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Format: Paperback Verified Purchase
Some popular movies have been based upon a relatively simple premise: take different people, all connected in some way, and then watch the ups and downs. Reality Bites, Singles, any John Hughes movies. There isn't too much going on in the plot department but it's a lot of fun to watch. This book is a lot of fun to read.
On the back cover of Box Office Poison by Alex Robinson, there's a quote that says this book is "completely voyeuristic. This is what it would be like to see your friends behind closed doors." If you're a young, twenty-something trying to figure out what you want to do with your life and whether or not you'll ever find true love (or just get laid), this is the book for you.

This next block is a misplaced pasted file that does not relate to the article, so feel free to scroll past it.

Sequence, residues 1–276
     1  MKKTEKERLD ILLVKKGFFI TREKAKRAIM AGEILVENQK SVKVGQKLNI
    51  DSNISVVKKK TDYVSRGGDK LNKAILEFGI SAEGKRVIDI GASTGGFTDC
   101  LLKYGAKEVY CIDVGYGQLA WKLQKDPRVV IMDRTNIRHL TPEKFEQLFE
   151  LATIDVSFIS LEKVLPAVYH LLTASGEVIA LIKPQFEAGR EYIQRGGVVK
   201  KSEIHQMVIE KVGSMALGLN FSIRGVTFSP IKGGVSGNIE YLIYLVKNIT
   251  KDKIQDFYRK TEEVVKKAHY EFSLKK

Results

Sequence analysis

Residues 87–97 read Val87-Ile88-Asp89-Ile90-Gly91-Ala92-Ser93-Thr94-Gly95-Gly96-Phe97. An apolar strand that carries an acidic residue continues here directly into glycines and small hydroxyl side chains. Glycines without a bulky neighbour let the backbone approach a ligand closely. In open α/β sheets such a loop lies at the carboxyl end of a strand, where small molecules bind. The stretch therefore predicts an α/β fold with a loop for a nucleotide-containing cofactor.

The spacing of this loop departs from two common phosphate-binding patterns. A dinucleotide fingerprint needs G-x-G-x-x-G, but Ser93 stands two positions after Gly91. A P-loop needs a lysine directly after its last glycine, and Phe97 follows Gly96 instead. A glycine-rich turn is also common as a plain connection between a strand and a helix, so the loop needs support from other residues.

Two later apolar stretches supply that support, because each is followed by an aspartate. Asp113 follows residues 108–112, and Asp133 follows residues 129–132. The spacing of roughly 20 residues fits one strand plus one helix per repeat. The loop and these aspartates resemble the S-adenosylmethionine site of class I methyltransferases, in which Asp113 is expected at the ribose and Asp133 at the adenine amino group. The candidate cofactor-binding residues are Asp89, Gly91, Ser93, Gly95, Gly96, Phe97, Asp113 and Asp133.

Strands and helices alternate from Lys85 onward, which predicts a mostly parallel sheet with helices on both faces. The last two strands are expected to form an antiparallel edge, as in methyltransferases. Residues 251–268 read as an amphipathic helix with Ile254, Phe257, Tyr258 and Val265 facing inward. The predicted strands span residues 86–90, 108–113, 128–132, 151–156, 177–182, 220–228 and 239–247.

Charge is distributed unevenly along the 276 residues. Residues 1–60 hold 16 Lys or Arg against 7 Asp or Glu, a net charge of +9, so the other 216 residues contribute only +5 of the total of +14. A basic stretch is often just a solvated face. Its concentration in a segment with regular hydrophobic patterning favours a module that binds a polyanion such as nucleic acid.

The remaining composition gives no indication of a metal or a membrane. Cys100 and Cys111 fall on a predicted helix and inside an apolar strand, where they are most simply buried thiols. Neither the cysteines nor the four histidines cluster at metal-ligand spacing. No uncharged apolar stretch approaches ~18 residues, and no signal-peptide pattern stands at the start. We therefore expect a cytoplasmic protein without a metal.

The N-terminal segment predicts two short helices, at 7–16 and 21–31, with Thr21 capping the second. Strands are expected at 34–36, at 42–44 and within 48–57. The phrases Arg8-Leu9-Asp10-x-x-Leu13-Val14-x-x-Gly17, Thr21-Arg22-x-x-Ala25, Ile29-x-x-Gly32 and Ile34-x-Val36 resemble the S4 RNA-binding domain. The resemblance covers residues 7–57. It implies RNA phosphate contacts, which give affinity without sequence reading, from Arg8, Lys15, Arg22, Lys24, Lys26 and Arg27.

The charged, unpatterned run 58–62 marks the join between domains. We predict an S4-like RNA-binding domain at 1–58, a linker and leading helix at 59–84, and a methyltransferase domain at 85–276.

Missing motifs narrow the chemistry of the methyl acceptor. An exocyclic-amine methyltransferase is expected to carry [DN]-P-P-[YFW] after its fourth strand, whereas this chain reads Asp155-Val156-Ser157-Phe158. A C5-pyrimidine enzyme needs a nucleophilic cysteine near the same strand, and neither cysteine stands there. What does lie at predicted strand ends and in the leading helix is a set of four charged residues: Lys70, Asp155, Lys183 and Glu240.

Did you ever hate one of your friend's girlfriends? Feel like killing neighbors in your apartment building who don't know how to be quiet? Ice skate with a Costa Rican Olympic figure skater? Then you'll totally relate to the stories in here. This is a hefty graphic novel, over 600 pages (and the only other graphic novel I've seen that had rivaled this length is Craig Thompson's wonderful Blankets), but the story is broken up into chapters. I think this may have been a serial comic that was collected into a novel... I'm not sure. The book does go by fast, though.
Some parts are lighter than others, but there's a serious thread that holds everything together. An aging comic book artist who got gypped out of the rights to a wildly popular character and his journey for justice. The epilogue to this book is a lot more sedate than the rest of the stories and made reading this book completely and totally worth it.
I know it costs a lot, but it is worth it. It'll make a great addition to your graphic novel library.
If you would like to know more about Box Office Poison, check out the website: